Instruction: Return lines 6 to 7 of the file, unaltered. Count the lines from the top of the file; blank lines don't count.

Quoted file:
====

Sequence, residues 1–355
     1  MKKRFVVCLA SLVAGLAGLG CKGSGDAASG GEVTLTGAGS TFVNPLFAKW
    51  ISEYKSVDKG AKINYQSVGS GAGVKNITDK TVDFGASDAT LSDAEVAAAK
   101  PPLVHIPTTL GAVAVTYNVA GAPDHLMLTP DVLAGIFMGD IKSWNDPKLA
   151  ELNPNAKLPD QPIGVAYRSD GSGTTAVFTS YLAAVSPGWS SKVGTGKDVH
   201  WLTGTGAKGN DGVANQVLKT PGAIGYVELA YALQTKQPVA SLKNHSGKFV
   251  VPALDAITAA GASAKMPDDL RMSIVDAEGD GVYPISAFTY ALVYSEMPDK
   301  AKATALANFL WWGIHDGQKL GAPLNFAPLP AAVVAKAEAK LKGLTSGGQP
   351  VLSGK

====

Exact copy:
   201  WLTGTGAKGN DGVANQVLKT PGAIGYVELA YALQTKQPVA SLKNHSGKFV
   251  VPALDAITAA GASAKMPDDL RMSIVDAEGD GVYPISAFTY ALVYSEMPDK